We asked doctors about using boric acid to treat vaginal infections, & here's what they said

By now, you hopefully know that there’s a litany of things you should never put in your vagina (including a wasp’s nest and VapoRub). Boric acid also sounds like something you really should not put in your vagina, but as it turns out, it might actually be useful.

Boric acid has a lot of industrial uses. It’s used in making fiberglass, reducing surface oxidation in jewelry, to make LCD screens for TVs and in the creation of Silly Putty. However, when it’s diluted, boric acid is also sometimes used to treat bacterial vaginosis, which is a buildup of bacteria in the vagina caused by sex, douching and other things that can change the balance of bacteria. You might not have any symptoms of the condition or you might experience itching, odor or vaginal discharge. Boric acid is also sometimes used to treat yeast infections. But what do doctors say about using boric acid to treat vaginal infections?

Dr. Michael Unger, a board-certified specialist in female pelvic medicine and reconstructive surgery and an expert in recurrent vaginal infections, prescribes 600 milligrams of boric acid to patients dealing with yeast infections and bacterial vaginosis. He cited 2013 research published in the journal Sexually Transmitted Infections, which looked at recurrent yeast infections and deduced that boric acid worked as well as Diflucan (fluconazole), the antifungal medication used to treat yeast infections. Another study done in 2014 and published in the Journal of the American Sexually Transmitted Diseases Association also showed that boric acid was more effective at treating trichomoniasis, a sexually transmitted infection caused by a parasite.

Lauren Steinberg, the founder of Queen V, a feminine wellness brand, struggled with chronic yeast infections regularly and felt like she’d tried every solution only to have them work for a brief period of time before the infection returned. Frustrated, she started doing her own research and learned about boric acid. She then invented The Eraser, a homeopathic treatment for yeast infections that contains boric acid.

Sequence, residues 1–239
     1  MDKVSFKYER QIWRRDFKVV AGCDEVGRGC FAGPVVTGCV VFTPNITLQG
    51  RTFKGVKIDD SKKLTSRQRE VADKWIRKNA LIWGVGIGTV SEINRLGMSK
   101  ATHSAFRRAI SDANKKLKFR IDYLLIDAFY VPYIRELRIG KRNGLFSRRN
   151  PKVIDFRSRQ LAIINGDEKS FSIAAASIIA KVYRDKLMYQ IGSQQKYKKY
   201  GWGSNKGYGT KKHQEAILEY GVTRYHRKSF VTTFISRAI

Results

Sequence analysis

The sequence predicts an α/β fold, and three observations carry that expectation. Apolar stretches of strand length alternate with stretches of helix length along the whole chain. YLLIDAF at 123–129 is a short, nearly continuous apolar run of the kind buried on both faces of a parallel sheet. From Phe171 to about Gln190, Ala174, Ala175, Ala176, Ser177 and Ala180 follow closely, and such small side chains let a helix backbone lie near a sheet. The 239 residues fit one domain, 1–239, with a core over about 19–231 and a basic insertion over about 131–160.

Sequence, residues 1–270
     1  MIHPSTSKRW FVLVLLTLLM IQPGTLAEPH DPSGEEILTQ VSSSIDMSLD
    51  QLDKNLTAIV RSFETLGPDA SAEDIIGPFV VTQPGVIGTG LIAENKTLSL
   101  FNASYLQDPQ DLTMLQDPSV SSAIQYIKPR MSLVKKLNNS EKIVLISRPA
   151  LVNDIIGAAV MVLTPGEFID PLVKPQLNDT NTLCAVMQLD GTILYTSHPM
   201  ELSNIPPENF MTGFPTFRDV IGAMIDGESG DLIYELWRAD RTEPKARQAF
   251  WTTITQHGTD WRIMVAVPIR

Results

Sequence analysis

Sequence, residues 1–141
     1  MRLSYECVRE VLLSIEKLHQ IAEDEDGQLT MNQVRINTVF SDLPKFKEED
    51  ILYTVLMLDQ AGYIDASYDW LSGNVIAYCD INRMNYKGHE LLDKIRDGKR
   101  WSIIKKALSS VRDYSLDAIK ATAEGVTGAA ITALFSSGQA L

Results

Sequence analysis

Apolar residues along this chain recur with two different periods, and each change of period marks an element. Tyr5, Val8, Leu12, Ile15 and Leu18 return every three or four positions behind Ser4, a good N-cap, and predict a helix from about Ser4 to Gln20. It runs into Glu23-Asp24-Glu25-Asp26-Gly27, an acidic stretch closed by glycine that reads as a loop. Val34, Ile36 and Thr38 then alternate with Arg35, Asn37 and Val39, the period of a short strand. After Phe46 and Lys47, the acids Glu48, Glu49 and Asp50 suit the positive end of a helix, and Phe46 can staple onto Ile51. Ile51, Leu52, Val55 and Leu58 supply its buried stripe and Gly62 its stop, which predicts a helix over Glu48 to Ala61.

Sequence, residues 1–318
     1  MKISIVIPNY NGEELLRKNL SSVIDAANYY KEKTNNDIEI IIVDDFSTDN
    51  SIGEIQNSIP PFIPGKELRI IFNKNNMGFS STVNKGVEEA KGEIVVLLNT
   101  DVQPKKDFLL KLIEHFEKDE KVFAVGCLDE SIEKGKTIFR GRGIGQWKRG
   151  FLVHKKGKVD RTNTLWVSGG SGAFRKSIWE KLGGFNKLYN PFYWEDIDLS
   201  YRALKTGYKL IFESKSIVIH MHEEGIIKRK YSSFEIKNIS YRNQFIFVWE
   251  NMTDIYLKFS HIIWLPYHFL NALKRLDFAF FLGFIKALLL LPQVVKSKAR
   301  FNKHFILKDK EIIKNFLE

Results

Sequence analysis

“Many internal and external factors can throw off your vaginal pH, so it’s important to always read the labels of the products you are using and always ask your gynecologist before trying something new,” Steinberg said. “Look for key words like ‘pH balanced’ and ‘all-natural’ when buying a new product. If you’re like me and have found that other products on the market just don’t seem to treat your yeast infection symptoms properly, you should try boric acid after consulting your gynecologist.”

Women’s health expert and compounding pharmacist (that’s a pharmacist who creates personalized medications) Irene Stronczak-Hogan recommends boric acid vaginal caps for folks with both acute (short and intense) and chronic yeast infections and bacterial vaginosis. They’re not only safe, she said, but they’re available without a prescription.

In addition to the suppositories, Stronczak-Hogan also recommends using probiotics that are specifically formulated for vaginal health — those containing a lactobacillus strain at a dose of at least 15 billion. Lactobacillus bacteria are “friendly” — it lives in our digestive and urinary systems as well as in our genitals and doesn’t cause disease. You can also find it in yogurt and dietary supplements. However, people who are pregnant should not use boric acid, according to Stronczak-Hogan.

So, is boric acid the right choice for you and your vagina? Maybe — but as with any other type of medical treatment, definitely check with your doctor before beginning anything new.

By Chanel Dubofsky

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